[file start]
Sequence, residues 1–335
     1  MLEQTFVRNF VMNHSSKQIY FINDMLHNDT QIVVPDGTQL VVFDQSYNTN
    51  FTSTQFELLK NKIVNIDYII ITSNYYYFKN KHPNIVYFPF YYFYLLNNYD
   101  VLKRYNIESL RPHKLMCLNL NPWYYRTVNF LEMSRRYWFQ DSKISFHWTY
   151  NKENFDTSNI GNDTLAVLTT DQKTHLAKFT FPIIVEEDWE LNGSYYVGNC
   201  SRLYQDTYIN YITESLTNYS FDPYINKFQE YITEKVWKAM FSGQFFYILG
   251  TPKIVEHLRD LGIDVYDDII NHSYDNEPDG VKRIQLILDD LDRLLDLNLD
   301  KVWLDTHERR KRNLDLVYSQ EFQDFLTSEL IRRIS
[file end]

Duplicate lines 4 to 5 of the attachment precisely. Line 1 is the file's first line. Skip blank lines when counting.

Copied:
   101  VLKRYNIESL RPHKLMCLNL NPWYYRTVNF LEMSRRYWFQ DSKISFHWTY
   151  NKENFDTSNI GNDTLAVLTT DQKTHLAKFT FPIIVEEDWE LNGSYYVGNC